Cynthia Marie Harrington (Tabbert) Nicholson, age 89, passed away Friday, July 17, 2020, peacefully in her home.
Cynthia was born September 21, 1930, in Hammond, IN, to Herbert Percival Harrington and Martha Ellen Horne Harrington, both originally from Mitchell County, Beloit, KS. She graduated from Muncie Central High School in 1948, where she sang in the MCHS Chorus, took 4 years of Latin, and won the Latin prize her senior year. Cynthia served as Senior Class Secretary, was a member of the National Honor Society, and won a Merit Scholarship to IU.
Cynthia’s mother taught her the rudiments of piano before she allowed her daughter to learn the violin; Cynthia played her mother’s violin throughout her school years including in the Muncie Community Orchestra. She later took lessons from Ferdinand Schaefer, Founder of Indianapolis Symphony Orchestra Ball State University. Cynthia also played for one year in the IU Philharmonic Orchestra in Bloomington, IN.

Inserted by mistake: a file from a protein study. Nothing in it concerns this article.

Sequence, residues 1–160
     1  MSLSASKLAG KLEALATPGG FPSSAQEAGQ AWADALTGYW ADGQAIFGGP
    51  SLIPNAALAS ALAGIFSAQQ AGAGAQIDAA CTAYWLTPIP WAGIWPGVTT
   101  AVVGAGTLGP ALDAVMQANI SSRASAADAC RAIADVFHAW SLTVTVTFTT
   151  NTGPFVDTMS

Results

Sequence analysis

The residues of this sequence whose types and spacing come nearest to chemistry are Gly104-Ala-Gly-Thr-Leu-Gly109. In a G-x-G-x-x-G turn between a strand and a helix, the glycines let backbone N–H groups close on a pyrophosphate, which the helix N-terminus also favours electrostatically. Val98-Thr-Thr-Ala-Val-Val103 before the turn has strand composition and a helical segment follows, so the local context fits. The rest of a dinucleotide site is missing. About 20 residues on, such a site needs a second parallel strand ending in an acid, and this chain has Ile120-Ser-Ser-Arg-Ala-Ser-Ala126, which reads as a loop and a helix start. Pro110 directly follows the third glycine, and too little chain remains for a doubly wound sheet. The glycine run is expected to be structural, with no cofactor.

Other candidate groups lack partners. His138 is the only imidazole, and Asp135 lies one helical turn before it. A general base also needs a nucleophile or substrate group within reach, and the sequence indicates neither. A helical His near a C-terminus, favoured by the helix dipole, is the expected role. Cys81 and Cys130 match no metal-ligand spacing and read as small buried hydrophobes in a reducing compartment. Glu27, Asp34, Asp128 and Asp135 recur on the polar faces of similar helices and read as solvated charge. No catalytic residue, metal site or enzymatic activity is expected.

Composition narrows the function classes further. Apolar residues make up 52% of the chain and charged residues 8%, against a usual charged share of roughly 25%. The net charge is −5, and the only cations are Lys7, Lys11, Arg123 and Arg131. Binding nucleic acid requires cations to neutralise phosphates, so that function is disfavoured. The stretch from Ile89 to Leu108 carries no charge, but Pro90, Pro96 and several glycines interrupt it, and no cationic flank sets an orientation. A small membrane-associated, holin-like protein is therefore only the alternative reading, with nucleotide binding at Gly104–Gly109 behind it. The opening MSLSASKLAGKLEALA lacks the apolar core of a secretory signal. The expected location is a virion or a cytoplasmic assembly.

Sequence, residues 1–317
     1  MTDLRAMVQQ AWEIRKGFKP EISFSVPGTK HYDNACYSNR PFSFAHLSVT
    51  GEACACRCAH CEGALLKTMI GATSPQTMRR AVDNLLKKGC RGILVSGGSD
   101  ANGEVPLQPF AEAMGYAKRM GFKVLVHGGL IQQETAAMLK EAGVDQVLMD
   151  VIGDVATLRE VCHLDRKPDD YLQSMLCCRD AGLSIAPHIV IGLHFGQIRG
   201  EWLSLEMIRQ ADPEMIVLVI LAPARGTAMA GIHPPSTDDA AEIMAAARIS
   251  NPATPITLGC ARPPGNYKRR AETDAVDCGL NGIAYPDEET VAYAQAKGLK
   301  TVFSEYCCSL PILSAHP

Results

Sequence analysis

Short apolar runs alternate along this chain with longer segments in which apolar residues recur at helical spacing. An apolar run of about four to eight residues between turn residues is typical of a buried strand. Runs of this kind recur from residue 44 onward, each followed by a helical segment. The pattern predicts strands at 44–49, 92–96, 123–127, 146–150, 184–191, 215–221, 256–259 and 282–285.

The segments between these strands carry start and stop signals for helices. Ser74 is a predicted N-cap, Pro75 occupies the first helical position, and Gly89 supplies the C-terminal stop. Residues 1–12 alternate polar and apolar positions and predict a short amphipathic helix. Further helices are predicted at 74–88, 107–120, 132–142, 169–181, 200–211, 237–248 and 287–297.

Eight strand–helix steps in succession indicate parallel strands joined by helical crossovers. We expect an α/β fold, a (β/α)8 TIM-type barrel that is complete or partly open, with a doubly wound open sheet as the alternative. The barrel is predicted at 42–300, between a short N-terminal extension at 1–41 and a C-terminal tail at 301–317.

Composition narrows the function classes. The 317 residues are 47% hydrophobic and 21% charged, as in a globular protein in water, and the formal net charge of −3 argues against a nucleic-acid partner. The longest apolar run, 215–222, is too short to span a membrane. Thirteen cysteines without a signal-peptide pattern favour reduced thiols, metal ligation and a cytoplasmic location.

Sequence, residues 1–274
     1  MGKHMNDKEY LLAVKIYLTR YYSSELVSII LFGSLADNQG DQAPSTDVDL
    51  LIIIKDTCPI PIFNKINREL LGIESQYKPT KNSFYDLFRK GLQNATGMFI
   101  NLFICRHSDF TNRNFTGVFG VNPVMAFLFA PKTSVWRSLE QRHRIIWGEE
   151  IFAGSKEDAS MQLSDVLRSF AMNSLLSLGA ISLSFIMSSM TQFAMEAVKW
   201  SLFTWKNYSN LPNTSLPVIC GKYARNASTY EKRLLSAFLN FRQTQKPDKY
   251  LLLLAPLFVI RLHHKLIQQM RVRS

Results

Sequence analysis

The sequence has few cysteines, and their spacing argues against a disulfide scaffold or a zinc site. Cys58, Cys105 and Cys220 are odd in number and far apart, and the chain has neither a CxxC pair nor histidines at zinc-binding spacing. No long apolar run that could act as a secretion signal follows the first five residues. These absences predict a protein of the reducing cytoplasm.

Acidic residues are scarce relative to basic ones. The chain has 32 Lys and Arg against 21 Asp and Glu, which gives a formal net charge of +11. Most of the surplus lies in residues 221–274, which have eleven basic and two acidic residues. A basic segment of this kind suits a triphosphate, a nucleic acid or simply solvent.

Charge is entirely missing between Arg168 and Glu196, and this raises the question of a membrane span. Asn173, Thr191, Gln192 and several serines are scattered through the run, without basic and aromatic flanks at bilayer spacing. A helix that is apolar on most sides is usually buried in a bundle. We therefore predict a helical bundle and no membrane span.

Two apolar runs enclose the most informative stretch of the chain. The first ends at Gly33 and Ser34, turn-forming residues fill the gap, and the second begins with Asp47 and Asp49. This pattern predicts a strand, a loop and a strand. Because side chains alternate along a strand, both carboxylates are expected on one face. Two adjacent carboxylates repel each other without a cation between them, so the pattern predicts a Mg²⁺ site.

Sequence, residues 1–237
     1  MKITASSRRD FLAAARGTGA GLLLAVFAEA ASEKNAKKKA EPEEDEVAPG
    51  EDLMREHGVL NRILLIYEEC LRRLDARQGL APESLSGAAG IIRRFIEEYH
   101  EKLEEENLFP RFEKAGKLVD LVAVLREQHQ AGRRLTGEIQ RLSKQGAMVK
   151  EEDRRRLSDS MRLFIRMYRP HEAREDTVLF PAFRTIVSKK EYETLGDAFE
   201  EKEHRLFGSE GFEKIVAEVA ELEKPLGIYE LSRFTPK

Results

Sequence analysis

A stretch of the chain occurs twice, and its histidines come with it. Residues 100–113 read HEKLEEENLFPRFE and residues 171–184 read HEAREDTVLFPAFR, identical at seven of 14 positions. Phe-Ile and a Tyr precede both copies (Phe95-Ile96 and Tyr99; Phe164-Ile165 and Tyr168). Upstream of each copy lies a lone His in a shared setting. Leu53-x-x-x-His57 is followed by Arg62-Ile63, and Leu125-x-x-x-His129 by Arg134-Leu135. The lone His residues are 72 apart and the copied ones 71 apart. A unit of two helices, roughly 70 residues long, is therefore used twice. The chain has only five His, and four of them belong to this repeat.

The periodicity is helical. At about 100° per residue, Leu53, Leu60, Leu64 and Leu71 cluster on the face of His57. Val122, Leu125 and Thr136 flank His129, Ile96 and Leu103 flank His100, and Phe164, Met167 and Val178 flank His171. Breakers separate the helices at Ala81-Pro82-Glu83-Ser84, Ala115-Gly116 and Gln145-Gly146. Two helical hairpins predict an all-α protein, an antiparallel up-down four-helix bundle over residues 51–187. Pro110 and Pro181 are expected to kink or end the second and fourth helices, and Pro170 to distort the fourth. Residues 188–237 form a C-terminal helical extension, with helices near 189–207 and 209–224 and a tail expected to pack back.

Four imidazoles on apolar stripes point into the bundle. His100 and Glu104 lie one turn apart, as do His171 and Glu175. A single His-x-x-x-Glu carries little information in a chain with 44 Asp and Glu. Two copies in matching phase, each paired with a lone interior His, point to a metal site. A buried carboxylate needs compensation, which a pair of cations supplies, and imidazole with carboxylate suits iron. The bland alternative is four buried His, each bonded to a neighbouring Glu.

Cynthia graduated from Indiana University in 1952 with a B.A. in English and Journalism. She was a member of Theta Sigma Phi and was a Life Member of Alpha Chi Omega sorority. She married Don Alan Tabbert in 1952. They had 3 children together and were married for 30 years.
Cynthia was the Owner and manager of the Canary Café from 1982-1996 in downtown Indianapolis, and was an active member of the Downtown Indy Restaurant Association, the National Restaurant Association, and St. Joseph Neighborhood Association. She regularly served free dinners to the homeless population on Christmas, believing that a good hot meal and some lovingkindness would go a long way. Oftentimes, when hungry or penniless folks would stop by, she allowed them to help out in exchange for food. Her café was very favorably reviewed in Simon & Schuster’s “Interstate Gourmet”.